The opinion of the court was delivered by: John Gleeson, United States District Judge
On September 8, 2004, I adopted a Report and Recommendation ("R&R") of Magistrate Judge Viktor V. Pohorelsky over the objections of plaintiff Gregory A. Miller. Pursuant to the R&R, I granted defendant's motion for summary judgment, denied Miller's cross-motion for summary judgment, and declined to exercise supplemental jurisdiction over Miller's state and local law claims. Miller appealed. The United States Court of Appeals for the Second Circuit vacated and remanded my grant of defendant's motion for summary judgment as to Miller's hostile work environment claim. The Court of Appeals otherwise affirmed. After trial, a jury found in favor of defendant. Judgment for defendants was entered on July 20, 2006.
On August 21, 2006, defendant moved the Clerk pursuant to Fed. R. Civ. P. 54(d)(1) and Local Civ. R. 54.1 for taxation of the cost it incurred to obtain (a) pre-trial hearing transcripts for preparing pre-trial motion papers ($885.15); (b) trial transcripts for preparing cross-examination and closing argument ($2,492.40); and (c) two deposition transcripts of Miller, one for a pre-trial deposition billed at an expedited rate ($1,709.92 for both). The total amount claimed was $5,087.47. Plaintiff filed written objections and, after a telephone conference with the parties, the Clerk assessed costs against Miller for a reduced amount of $1,659.92. See Bill of Costs (docket entry 91). It appears from the Bill of Costs that the Clerk rejected defendant's requests for court transcripts, and reduced the cost of the pre-trial deposition transcript by $50 to subtract certain miscellaneous costs. See id. Miller now asks that I review the award of costs, acknowledging that "the Clerk of the Court reduced the costs to reflect the Court's standard guidelines for taxation of costs" but requesting that "no costs be taxed against him." Memorandum of Law in Support of Plaintiff's Motion To Review Taxation of Costs 3. For its part, defendant does not contest the reduction of the costs to $1,659.92, but objects to a wholesale denial of costs. Letter of A. Ali Ayazi 1 n.1 & 3, dated Oct. 18, 2006. For the reasons set forth below, I affirm the Clerk's assessment and order taxation and entry of $1,659.92 in costs against Miller accordingly.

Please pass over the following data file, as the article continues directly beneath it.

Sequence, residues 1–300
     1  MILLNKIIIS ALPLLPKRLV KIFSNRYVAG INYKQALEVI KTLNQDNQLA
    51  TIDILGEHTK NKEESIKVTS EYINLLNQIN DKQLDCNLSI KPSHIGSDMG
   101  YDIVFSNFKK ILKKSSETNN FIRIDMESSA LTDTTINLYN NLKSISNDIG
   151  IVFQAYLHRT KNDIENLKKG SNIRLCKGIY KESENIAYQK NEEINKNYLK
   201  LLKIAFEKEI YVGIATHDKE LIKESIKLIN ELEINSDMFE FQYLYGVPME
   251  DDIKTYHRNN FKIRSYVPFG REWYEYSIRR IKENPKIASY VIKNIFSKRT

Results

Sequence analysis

"A district court reviews the clerk's taxation of costs by exercising its own discretion to 'decide the cost question [it]self.'" Whitfield v. Scully, 241 F.3d 264, 269 (2d Cir. 2001) (quoting Farmer v. Arabian Am. Oil Co., 379 U.S. 227, 233 (1964)); see also LoSacco v. City of Middletown, 71 F.3d 88, 92 (2d Cir. 1995) ("The decision to award costs to a prevailing party under Fed. R. Civ. P. 54(d) rests within the sound discretion of the district court.") (citations omitted). By its terms, Rule 54(d)(1) awards to the prevailing party costs "as of course," so "[f]or this reason, the losing party has the burden to show that costs should not be imposed." Whitfield, 241 F.3d at 270.
Miller argues that I should disallow any taxation of costs because he is unemployed, receives disability benefits, and has children to support. He also contends that his hostile work environment claim presented a novel (and therefore difficult) issue of Title VII law, and that costs would deter poor plaintiffs from prosecuting marginal antidiscrimination claims in court. These arguments have some force. They are, moreover, cognizable reasons to deny costs. See Whitfield, 241 F.3d at 270.
I cannot conclude, however, that these arguments are sufficient to deny costs entirely. First, though Miller has shown that he receives disability payments and uses that income in part to provide for a family, he has not shown to my satisfaction an inability to pay the $1,659.92 assessed against him. Second, the Clerk has already stricken the substantial costs of the trial transcripts. Third, while Miller objects to the expedited rate at which his pre-trial deposition was taxed, the deposition transcript was expedited because Miller failed to appear at the first scheduled deposition. I therefore cannot conclude that Miller has met his burden to show that the equities warrant a wholesale denial of costs.
I hereby affirm the Bill of Costs for $1,659.92.
© 1992-2007 VersusLaw ...